Robert Breedlove: 'Just Follow the Energy' on Bitcoin, Not the Price

The self-described freedom maximalist explains why he isn't put off bitcoin by its decline since last November.


Bitcoin is trading under $23,000 as I write this, which means the value of the world's biggest cryptocurrency has lost about $45,000 per coin since last November, when it was at about $68,000.

Though the recent slide in the price of bitcoin has sent many speculators scrambling back to fiat currency, it's done nothing to cool the fervor of Robert Breedlove, a self-proclaimed freedom maximalist whose Twitter feed is filled with encomia for the inflation-proof monetary system that has a supply fixed via the consensus of a decentralized, global software network.

"Unlike the US Constitution," he writes, "#Bitcoin cannot be amended—that's why incorruptible money is a greater instrument of freedom than the US Constitution." "#Bitcoin," he predicts, "will prove to be history's ultimate example of the old adage 'when you can't beat them, join them.'"

The 36-year-old former hedge fund manager and accountant by training is a leading thinker and writer in the bitcoin space, where he publishes The Freedom Analects and hosts The "What is Money?" Show podcast and video series.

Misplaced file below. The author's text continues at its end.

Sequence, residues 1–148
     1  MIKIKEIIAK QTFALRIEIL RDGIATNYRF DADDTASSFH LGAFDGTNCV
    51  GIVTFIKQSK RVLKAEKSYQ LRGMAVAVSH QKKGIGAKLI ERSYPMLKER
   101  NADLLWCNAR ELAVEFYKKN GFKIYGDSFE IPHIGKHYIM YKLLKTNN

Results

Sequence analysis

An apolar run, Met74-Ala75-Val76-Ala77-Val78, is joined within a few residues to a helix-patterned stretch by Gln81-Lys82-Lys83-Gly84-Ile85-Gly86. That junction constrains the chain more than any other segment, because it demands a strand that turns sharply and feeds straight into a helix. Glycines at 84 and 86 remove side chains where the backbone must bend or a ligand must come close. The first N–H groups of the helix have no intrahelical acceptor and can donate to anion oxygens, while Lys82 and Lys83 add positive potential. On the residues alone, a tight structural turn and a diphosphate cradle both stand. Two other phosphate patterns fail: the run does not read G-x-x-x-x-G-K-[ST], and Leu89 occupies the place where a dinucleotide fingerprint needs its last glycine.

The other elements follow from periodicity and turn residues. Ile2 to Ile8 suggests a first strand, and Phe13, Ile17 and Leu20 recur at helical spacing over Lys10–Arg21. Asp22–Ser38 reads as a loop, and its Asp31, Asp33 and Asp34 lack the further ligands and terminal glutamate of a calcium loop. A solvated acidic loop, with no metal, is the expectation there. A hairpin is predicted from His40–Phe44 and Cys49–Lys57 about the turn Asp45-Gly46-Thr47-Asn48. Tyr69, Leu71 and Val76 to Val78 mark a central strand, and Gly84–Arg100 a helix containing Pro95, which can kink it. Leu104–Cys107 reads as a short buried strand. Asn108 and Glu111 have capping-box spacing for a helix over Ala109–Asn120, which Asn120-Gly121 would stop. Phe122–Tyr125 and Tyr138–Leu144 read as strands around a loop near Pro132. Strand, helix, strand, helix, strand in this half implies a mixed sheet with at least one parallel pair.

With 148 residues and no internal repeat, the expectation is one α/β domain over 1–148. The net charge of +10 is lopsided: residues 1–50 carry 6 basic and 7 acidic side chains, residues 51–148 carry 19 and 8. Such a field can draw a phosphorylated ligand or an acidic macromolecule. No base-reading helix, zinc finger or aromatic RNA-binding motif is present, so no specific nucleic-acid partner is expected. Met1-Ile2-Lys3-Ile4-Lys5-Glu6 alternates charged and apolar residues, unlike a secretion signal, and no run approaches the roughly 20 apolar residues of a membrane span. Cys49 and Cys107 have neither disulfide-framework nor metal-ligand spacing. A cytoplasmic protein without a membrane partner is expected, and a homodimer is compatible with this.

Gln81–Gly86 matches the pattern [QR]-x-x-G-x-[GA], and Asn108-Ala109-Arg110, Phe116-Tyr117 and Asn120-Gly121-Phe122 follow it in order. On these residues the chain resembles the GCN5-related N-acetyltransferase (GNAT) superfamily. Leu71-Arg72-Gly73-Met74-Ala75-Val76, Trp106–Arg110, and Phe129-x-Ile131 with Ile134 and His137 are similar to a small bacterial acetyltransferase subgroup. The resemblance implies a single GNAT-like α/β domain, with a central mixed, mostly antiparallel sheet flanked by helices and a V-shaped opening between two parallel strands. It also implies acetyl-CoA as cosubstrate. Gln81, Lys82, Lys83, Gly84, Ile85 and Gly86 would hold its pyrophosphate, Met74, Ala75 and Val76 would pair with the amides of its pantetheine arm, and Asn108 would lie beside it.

I talked with Breedlove at the Bitcoin 2022 conference in Miami this April about why bitcoin is the best hedge against hyperinflation, how Austrian economics informs his worldview, and why he believes bitcoin will inevitably become the basis of the global economy. "No one's figured out how to stop bitcoin, basically meaning turn it off," he says. "And so, if you can't turn it off, that effectively operates as this vortex of incentives. It's just incentivizing people to interact with it, to hold it, to save and build businesses on it."

The months between our conversation and today have not been kind to bitcoin, but Breedlove remains a stalwart defender, tweeting recently that "instead of focusing on price, just follow the energy," and pointing to a chart showing that bitcoin's hash rate—a measure of the total computational power being used on the network and thus a proxy for its health—has gone upward despite the price declines.

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